Samba soccer has to change the beat

UPON the streets of Bulawayo as on a million others throughout the world, soccer fans were animatedly trying to come to grips with one of the most shocking experiences in the history of sports: Brazil’s loss to Germany.


In the World Cup semi-final match’s aftermath on Wednesday morning, different commentators the world over variously described the result as shameful and disgusting.

I would be remiss not to add my two cents’ worth to a topical issue which is nonetheless a diversion from the grim reality of payless month-ends!

Art no more
Samba soccer is a Brazilian innovation which is really in essence a style of playing soccer with flair, skill and creativity.

It is moreover about delivering entertainment to the audience while scoring the goals to seal victory. A local comparison would be ‘shoe shine piano’ as the then showboating South Africa style of play was lauded upon that nation’s coming out of apartheid isolation.

I remember how Peter Ndlovu and his teammates routed the South Africans at the National Sports Stadium before an ecstatic home crowd.

The South Africans staggered as King Peter slalomed past defenders to shoot into the net etching his name into posterity. The scales fell from Bafana Bafana’s eyes.

Overseas, samba soccer had the likes of Ronaldinho and Ronaldo as its leading exponents. That generation was one virtuoso artists.
When they gelled, watching Brazil play was like watching a symphony.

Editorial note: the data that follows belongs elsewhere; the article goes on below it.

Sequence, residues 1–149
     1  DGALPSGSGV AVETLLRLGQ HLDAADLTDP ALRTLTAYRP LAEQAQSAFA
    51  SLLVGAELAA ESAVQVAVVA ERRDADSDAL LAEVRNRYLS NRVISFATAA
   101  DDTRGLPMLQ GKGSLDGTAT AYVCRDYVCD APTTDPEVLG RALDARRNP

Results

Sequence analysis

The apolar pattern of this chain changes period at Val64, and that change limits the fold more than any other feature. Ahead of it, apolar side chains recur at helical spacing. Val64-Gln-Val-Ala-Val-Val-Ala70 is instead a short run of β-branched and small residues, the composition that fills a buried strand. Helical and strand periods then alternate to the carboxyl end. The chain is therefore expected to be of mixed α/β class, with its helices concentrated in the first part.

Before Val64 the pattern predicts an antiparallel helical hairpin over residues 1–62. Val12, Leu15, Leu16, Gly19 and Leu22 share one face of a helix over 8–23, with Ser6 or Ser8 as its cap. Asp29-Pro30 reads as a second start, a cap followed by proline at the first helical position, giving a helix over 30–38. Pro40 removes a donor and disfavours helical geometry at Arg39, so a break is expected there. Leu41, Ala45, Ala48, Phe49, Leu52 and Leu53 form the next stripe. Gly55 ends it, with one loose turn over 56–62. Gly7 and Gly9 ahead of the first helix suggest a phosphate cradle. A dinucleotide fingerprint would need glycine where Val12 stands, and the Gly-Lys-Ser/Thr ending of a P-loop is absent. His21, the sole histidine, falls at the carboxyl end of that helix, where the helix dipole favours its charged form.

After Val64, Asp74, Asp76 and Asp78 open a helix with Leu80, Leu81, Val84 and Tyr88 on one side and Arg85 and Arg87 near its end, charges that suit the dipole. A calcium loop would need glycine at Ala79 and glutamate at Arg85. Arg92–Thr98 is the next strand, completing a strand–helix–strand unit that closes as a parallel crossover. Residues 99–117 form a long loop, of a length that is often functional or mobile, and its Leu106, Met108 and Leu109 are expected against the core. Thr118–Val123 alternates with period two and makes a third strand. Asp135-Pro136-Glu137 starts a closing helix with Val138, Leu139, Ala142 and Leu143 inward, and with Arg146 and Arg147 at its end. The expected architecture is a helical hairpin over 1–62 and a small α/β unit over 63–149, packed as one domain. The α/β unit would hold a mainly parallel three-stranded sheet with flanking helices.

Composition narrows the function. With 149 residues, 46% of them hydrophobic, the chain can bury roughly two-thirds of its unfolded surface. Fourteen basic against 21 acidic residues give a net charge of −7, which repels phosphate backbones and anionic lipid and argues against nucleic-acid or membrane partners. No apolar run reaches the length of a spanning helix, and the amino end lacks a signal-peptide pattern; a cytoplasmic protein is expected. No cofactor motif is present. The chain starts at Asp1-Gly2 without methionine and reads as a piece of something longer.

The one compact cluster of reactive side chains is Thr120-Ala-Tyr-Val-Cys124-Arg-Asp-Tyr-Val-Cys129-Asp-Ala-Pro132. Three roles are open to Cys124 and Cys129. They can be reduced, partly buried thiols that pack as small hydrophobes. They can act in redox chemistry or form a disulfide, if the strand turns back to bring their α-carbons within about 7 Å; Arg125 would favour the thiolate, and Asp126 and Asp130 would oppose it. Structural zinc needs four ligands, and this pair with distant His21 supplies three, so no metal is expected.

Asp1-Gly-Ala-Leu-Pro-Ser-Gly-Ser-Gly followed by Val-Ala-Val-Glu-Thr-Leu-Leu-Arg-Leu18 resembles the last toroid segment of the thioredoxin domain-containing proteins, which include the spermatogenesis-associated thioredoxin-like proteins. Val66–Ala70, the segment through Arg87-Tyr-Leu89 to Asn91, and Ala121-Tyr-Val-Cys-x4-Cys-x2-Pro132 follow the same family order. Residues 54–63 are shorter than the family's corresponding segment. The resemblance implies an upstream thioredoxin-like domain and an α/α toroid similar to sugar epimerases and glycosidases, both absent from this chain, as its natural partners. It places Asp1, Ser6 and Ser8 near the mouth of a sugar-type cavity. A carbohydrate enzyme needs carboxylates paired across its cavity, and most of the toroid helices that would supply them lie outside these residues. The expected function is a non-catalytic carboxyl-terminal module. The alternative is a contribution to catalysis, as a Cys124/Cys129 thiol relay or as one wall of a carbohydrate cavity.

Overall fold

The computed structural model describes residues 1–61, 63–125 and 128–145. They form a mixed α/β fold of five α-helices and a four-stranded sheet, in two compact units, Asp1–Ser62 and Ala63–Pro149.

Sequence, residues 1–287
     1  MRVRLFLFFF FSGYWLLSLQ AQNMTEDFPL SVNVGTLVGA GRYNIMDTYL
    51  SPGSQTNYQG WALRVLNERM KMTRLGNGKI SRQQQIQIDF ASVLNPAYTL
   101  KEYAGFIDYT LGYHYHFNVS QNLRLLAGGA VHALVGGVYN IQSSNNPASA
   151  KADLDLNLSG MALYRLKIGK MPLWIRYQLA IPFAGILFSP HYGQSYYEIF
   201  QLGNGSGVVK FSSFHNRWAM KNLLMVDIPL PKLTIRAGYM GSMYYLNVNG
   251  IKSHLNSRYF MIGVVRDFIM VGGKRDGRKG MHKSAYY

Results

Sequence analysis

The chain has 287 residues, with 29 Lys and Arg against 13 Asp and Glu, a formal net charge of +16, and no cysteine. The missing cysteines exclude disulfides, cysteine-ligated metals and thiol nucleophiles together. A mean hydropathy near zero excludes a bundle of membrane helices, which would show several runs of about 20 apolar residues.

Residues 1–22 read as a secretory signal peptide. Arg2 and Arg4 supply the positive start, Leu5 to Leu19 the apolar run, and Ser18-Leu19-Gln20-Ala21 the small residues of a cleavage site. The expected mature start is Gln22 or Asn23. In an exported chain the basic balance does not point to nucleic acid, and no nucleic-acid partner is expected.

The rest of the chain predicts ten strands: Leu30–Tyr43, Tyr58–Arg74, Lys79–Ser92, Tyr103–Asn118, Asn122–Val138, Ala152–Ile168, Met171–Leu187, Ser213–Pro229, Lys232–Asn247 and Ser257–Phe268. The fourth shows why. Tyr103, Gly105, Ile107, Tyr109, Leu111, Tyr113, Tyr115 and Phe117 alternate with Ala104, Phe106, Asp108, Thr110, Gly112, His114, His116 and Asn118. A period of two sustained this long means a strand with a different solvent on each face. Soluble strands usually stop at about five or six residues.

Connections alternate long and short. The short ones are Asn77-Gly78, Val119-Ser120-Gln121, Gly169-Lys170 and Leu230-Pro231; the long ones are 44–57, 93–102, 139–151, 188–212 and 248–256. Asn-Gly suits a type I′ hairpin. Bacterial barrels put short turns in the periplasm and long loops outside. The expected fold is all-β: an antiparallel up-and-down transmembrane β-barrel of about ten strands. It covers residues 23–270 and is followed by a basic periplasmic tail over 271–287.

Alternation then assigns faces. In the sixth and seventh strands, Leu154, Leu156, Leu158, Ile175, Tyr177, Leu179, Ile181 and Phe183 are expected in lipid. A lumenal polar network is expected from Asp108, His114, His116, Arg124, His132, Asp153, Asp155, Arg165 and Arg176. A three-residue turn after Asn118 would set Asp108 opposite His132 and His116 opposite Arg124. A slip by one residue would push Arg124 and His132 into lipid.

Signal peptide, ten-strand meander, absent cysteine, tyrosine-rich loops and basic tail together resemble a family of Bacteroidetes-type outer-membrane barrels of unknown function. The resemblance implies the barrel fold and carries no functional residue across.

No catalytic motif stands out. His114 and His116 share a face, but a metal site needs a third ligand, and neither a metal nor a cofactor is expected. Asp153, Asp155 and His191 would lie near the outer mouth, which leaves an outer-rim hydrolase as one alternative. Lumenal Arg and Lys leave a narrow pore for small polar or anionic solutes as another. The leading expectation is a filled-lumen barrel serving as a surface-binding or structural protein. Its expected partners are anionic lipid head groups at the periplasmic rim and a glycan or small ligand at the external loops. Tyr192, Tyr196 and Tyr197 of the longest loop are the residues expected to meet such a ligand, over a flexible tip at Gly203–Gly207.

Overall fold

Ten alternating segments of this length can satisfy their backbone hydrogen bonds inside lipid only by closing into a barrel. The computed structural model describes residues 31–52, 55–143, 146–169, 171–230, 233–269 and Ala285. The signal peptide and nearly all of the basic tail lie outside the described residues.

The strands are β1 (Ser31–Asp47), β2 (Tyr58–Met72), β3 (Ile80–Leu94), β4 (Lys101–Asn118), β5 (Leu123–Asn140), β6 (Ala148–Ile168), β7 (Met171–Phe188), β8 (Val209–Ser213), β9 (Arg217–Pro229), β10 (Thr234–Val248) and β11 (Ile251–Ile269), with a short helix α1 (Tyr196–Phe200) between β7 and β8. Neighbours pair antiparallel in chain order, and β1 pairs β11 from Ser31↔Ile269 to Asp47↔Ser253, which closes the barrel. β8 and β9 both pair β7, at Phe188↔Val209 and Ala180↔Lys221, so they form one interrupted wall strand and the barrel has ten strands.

Soccer in that era was sheer joy, pure art. . . something sublime and transcendent.

The big fix or just blitzkrieg?
It was different though the other night with the current team of Brazilian national soccer players. They were hapless, like an orchestra without a musical score and a conductor!

The world watched in awe at the German annihilation of a great soccer reputation that the likes of Pele helped build. I did not like the way the Brazilian defenders were lethargic in movement. I also did not Filipe Scolari’s reaction after the match.

He was consoling his young charges as if they had drawn the match.

Maybe the German machine had been simply too efficient and methodically ruthless.

Maybe money exchanged hands. . . I wonder how many billions were lost in the betting syndicates arena. Oh let me just say Culture Beat is a lover of conspiracy theories. The take away lesson is that, in this world anything is possible.

The beauty chronicles: Bulawayo girls make the grade
According to the organisers of Miss Curvy, 46 models from around the country will vie for top honours the Mercy Mushaninga-spawned beauty contest created to celebrate the African full figured woman. Miss Curvy will be held on August 9 at Moth Camp in Kariba.

The pageant will run under the theme “Supporting Domestic Tourism through Beauty Pageants”. Of the 46, Bulawayo has three reps, Kariba and Gweru two each, Bindura one and Harare has 38! Of course I cannot vouch for the curves of Harare girls though their representation at said contest is overwhelming . . .“This time our event is of better standard and the models will get into the boot camp on August 4.

“We decided to come up with this because we want the world to know what will be happening in boot camp so that they understand better why some people are chosen to be the winners,” she said.

Mushaninga launched the pageant to front the cause of curvy girls who shied away from modelling because of the perception that the profession was for tall and slender women.